I think we're bigger. It feels like we're at the same level and we're a bigger firm. So I guess, yeah, (ph) the answer is. But the activity is probably going proportional to the firm. And look, things like when I say China is having a tough, let's say it's having a tough M&A market, we have established a pretty good restructuring business in Asia, some of our best transactions were done in Asia, and that might continue. And our restructuring business in Europe might pick up. And so there is a lot of offset around the world to take up some of that as well. So I'd say it feels about -- it feels the same to me which is busy and strong and probably in proportion to the size of our business.

So I'd say yes, as measured against 12 months ago, I would guess that the absolute size of our business is bigger in concert with the size of our firm.

Michael Brown -- Keefe, Bruyette & Woods -- Analyst

Great. Thank you for attending my questions.

Operator

Our next question is a follow-up from Devin Ryan with JMP Securities. Please go ahead.

Devin Ryan -- JMP Securities -- Analyst

Hey, great. Thanks for humoring me here. I guess just the follow-up is for Joe just on the model and thinking about kind of the operating margin from here. So to the extent we do have another good year of revenue growth and obviously understanding you're still adding talent. Is there any more room on the comp ratio? Is there any flexibility there below this kind of 57.5% level? And I guess that's part one. The other part of it is, I think the fourth quarter is a good reminder planning for potential downturns. So just trying to think about, just the broader flex in the operating model here to the extent, the revenue environment accurately does deteriorate and kind of how you're thinking about maybe the lower end of where margins could go?

Joseph Simon -- Chief Financial Officer

Sure. So I think on the comp ratio, I think 57.5% continues to be adequate. I think the way to think about that is, we continue to make new investments and increased headcount and we think that's important for the business. We remain in growth mode and I think therefore, thinking about 57.5% is probably still -- will remain appropriate.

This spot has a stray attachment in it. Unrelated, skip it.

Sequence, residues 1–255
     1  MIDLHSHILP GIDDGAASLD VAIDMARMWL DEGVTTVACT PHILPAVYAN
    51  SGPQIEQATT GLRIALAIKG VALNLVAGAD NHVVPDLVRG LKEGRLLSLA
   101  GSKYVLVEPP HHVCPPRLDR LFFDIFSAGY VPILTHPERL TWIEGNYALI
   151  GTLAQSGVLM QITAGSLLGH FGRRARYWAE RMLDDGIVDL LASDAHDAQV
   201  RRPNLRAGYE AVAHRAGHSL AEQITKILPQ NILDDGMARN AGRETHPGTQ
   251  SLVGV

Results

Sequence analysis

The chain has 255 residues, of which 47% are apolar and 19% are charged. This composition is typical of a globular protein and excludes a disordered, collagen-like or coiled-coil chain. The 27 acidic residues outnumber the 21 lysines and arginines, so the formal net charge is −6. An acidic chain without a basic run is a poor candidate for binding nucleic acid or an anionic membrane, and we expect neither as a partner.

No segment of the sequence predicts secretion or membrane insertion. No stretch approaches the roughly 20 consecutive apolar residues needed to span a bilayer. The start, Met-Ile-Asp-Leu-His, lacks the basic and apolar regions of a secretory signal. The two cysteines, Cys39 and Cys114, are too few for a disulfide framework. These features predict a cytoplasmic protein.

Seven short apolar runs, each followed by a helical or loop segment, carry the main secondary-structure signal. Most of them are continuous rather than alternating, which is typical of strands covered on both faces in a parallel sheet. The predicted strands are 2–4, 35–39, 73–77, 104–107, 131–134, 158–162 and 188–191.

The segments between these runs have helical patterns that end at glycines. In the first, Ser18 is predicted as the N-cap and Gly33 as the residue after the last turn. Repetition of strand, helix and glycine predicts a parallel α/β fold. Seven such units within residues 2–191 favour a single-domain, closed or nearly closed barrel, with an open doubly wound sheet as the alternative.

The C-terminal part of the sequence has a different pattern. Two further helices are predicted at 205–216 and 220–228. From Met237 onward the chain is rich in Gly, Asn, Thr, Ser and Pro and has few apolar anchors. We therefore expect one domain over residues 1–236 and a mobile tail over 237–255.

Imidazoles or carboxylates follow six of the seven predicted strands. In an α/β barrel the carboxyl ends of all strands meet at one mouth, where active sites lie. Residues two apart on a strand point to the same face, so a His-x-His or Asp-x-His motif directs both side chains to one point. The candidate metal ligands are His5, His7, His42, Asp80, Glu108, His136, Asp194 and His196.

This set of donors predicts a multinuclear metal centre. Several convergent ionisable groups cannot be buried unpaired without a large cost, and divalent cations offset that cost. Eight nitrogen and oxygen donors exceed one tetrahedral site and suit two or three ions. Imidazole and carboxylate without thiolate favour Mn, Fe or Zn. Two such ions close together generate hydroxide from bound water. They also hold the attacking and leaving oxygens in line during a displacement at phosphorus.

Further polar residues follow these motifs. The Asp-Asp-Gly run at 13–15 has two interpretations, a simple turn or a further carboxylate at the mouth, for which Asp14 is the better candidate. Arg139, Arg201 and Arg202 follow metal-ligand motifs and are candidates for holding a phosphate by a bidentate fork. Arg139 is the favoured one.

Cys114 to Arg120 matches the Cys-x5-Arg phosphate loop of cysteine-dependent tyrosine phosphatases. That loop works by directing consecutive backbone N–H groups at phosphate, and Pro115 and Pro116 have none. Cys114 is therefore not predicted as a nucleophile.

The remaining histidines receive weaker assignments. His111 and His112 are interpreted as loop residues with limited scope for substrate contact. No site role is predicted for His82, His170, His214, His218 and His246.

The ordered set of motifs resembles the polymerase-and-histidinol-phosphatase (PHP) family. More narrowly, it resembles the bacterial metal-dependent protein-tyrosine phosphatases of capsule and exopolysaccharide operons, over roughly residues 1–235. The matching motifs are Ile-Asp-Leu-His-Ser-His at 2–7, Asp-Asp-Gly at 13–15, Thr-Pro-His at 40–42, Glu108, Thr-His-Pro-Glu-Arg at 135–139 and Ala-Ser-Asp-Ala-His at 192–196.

As it relates to a downturn, there is obviously -- there is flexibility in comp, obviously, there is a large amount that's discretionary each year and obviously that will flex as revenue opportunities come. And on the non-comp side, I'd say in terms of the distribution, it's probably two-thirds fixed and one-third variable. So there is some flexibility there as well.

Kenneth Moelis -- Chairman of Board of Directors and Chief Executive Officer

And let me just add to that. We had a long conversation about -- our results good enough this year to go below 57.5%. And we thought the best economic decision for the firm was to let our 130 Managing Directors and the 800 employees on the front lines, no. That it's a fair deal and if they exceed, that's their part of the transaction. They get -- and on the downside by the way, we expect to hold them to that as well and we will. If you look through our last five years, we've been pretty consistent in holding the comp level.

But I felt the fair thing to do in the best interest of everybody on this phone call was to also let them know that if they exceed, they shouldn't retire in November because they've maxed out. Everybody should run through the finish line at full sprint. And I think we succeeded in that by the way. It was a great year for -- I hope for our shareholders in terms of the returns and it was a great year for the participants in the bonus pool. I think that's what's going to make a great firm going forward. And it will also make it fair in a tough environment to hold that line as well and we will hold that line, we know how to operate in all environments and we will hold the comp line in the downturn as well.

Devin Ryan -- JMP Securities -- Analyst

Perfect. That was the color I was looking for. Thanks guys.

Operator

Our next question comes from Brennan Hawken with UBS. Please go ahead.

Brent Dilts -- UBS Investment Bank -- Analyst

Hey, good afternoon. This is Brent Dilts on for Brennan. Just given your characterize, the hiring pipeline is robust. Should we expect above the average hiring in 2019? And how should we think about productivity, given the pipeline and the MDs from 2018?

Kenneth Moelis -- Chairman of Board of Directors and Chief Executive Officer

The pipeline is good. And look we want to be aggressive, I can't tell you, it'll depend on market conditions in terms. But we have a great opportunity. There is a lot of the midsize large financial institutions especially in Europe that we think are facing extremely difficult conditions. And we think several of them are going into retreat. So I think there might be an opportunity for more hiring than normal. But look, you got to come to an agreement with people and you got to do it economically. So I can't commit to that, but we're going to -- I think this year it's fair to say that we will probably try to be more aggressive and try to get there. But we're going to do it disciplined. What is the second part of the question?

Brent Dilts -- UBS Investment Bank -- Analyst

It was just potential for productivity expansion given, you've hired a decent amount of people recently and just if you add more to the pipeline just kind of where you think productivity --

Kenneth Moelis -- Chairman of Board of Directors and Chief Executive Officer